What irks me even more is the ad itself. Obviously trying to appeal to the iphone inclined with the whole apps thing, they chose an image that only has like 14 apps on it. The icons for facebook, msn messenger and myspace (really, who outside of 14 year old midwestern girls has a myspace these days) are repeated in the ad, they couldn't have found any more apps to feature?

    Having a blackberry and trolling the blackberry app world myself,Ii can tell you that it no way compares to the iPhone app store; not even close. For my money, i'm getting an iPhone next time, which MTS will probably never offer. Crappy MTS hardware (although they've slowly been making moves by adding a myriad of unpolished Blackberry devices) is why I moved to Rogers last year in the first place.

  2. I thinks it's hilarious that MTS figures that Jesus' birthday gifts were weak sauce compared to facebook and twitter apps for your phone.

    Then again, Jesus did get some pretty weak gifts, especially being the son of god and all. Oh well at least it wasn't a sweater.

  3. Well it's not only the delivery of the content, it's the content itself. When you open that flap, take a look at the billing of the columns in the "A" Section.

    1st billing: "What does Santa Speirs like to watch on TV?"

    2nd billing: "Will Afghan Torture Issue Affect Tories"

    Santa or international and national politics? Which do you think interests intelligent 18-34 year olds?

  4. The Sun sold their credibility long ago, but the fact that both they and the Freep sold the front page on the same day is pretty disgusting. Especially when it's the usual lame-o holiday ad blitz from MTS. At least there were no bison. But enough about that.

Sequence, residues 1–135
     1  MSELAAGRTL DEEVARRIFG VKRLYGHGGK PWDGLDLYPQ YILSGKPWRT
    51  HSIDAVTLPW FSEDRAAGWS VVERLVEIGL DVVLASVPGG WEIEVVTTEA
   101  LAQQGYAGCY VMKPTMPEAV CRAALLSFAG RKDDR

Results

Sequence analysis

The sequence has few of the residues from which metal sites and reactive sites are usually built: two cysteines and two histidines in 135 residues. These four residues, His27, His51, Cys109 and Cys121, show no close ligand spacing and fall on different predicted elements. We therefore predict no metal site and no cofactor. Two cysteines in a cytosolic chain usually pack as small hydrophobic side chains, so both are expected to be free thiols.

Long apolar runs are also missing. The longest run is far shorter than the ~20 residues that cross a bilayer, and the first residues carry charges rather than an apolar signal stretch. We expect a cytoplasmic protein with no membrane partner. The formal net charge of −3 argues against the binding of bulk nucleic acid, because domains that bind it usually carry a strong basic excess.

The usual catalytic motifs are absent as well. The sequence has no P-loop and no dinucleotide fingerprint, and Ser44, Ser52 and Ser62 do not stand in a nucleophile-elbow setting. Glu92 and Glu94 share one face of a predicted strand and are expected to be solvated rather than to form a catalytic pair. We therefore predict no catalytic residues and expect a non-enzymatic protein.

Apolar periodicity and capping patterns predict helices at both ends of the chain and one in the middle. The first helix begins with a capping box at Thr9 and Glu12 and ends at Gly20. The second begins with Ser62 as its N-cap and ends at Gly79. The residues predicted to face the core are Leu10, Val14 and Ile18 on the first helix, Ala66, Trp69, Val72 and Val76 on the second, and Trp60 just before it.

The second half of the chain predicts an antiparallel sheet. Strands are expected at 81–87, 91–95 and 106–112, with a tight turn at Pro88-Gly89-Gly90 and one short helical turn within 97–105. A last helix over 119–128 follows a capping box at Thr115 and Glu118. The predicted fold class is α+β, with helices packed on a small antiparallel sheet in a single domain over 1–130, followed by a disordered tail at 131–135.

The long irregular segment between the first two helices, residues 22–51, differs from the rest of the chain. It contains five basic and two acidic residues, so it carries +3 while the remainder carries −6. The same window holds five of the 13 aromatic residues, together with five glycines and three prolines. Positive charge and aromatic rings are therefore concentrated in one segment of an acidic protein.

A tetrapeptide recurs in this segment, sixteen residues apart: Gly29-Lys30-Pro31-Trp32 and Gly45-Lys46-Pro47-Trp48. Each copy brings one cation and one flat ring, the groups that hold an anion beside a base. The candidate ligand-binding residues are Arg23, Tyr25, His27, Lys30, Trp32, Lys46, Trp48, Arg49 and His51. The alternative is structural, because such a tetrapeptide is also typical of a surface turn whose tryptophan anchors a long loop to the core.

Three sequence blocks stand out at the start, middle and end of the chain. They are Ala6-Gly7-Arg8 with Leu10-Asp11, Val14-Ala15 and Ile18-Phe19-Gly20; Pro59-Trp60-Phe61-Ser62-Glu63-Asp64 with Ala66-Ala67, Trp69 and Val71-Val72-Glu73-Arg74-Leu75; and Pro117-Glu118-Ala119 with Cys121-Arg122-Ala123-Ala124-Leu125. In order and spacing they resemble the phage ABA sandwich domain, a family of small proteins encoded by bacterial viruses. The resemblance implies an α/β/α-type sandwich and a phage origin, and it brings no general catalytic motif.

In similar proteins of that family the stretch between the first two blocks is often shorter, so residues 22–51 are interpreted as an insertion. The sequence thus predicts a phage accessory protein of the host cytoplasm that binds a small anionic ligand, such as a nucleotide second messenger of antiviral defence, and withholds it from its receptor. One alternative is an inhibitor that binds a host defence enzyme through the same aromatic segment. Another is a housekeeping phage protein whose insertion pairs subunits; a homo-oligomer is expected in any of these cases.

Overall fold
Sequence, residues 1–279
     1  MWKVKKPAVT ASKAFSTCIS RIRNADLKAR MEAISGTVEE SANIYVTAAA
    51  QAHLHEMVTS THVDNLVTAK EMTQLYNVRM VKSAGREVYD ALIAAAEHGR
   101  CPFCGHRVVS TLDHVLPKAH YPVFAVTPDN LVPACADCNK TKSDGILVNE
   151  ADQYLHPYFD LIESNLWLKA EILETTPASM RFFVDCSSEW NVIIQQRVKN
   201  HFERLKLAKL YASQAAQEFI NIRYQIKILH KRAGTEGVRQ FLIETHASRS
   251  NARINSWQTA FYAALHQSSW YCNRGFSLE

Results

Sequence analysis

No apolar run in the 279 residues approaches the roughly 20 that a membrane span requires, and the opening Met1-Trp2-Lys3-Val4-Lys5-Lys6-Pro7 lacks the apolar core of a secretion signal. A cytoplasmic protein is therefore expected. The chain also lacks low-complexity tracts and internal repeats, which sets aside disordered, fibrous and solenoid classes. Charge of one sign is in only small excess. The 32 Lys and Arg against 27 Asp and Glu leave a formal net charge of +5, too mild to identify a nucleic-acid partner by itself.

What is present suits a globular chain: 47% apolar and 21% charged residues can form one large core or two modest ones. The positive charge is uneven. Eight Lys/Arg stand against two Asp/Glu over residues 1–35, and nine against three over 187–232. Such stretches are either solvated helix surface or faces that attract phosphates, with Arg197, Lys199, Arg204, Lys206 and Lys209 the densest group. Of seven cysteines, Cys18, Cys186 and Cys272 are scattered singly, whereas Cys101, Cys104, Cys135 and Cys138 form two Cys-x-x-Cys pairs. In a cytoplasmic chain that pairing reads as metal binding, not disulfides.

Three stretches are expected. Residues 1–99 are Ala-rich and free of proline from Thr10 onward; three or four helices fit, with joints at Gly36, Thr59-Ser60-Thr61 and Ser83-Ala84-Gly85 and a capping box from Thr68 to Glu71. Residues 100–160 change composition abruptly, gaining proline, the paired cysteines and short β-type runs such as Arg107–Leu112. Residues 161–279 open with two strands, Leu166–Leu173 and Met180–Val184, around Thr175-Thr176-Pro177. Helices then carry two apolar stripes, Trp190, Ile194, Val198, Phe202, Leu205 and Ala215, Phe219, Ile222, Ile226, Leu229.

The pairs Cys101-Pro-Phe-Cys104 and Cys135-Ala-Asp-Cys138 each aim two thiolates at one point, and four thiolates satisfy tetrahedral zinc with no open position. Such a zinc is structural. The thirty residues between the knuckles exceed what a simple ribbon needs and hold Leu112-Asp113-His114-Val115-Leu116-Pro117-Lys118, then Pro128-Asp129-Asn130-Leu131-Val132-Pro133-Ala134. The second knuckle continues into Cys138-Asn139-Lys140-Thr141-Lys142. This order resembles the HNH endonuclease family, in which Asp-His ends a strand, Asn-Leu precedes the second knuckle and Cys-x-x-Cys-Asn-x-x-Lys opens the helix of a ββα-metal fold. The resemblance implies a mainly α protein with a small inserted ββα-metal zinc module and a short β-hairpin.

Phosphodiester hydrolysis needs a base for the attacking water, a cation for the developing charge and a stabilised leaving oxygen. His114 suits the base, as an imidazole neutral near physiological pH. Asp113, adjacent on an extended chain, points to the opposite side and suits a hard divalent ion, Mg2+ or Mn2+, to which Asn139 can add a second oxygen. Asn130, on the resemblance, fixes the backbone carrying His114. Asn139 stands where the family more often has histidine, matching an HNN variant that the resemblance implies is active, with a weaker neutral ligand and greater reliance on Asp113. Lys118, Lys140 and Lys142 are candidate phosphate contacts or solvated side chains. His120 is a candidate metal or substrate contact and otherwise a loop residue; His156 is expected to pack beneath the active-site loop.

When you consider the current state of newspapers, maybe it's time for them to re-insert a little of those personal opinions and biases into their stories. We know you have them Joe Journalist, so let's hear 'em! With the current state of the industry, how many readers would they potentially be losing by being partisan?

    Kenton, I find it interesting that every time you post about print journalism, it always comes back to blogging, in your comments or in the readers' comments. Today's comments made me think of something interesting. I don't think anyone seriously believes that blogging can ever replace true journalism, but there is an area where blogs excel: commentary.

    Bloggers aren't news breakers (for the most part) but they are a great source of opinion and dialogue. I see bloggers as the columnists of the online world. Of course, this shouldn't be confused with print columnists who blog on behalf of the paper. They're still confined by the boundaries of "journalistic integrity" and "fair and balanced reporting".

    And of course, there's the issue of passion. It's hard to write with passion when you're forced to churn something out on a daily basis. If I insisted on posting on my blog every day, there would be some pretty lame duck posts up there. I only find a couple things each week that work me up... and are worth posting about.

    One last point- it's nice to see some language at the bottom of your post, Kenton. There's something else human and real that those poor journalists don't get to embrace the way bloggers do.

  5. This comment has been removed by the author.

  6. Hey, Wade.

    If you go to the "Say Everything" link, under "Excerpts," there's a great chapter called "journalists vs. bloggers," which is a must-read.

    I just realized that I said "shitload." I say it a lot in real life, but have never used it in a post until now.

    Feels good!

    By the way, I removed my earlier comment, because it had a typo. I suck!

  7. When I was talking about that shred of credibility, that was more for the Free Press. Anyone knows that any paper which puts stickers of Peter Nygard's face on the cover of every copy lost their credibility years ago.

  8. Yeah, that was pretty weird, especially considering his lawsuit-enriched history with the paper.


Note: Only a member of this blog may post a comment.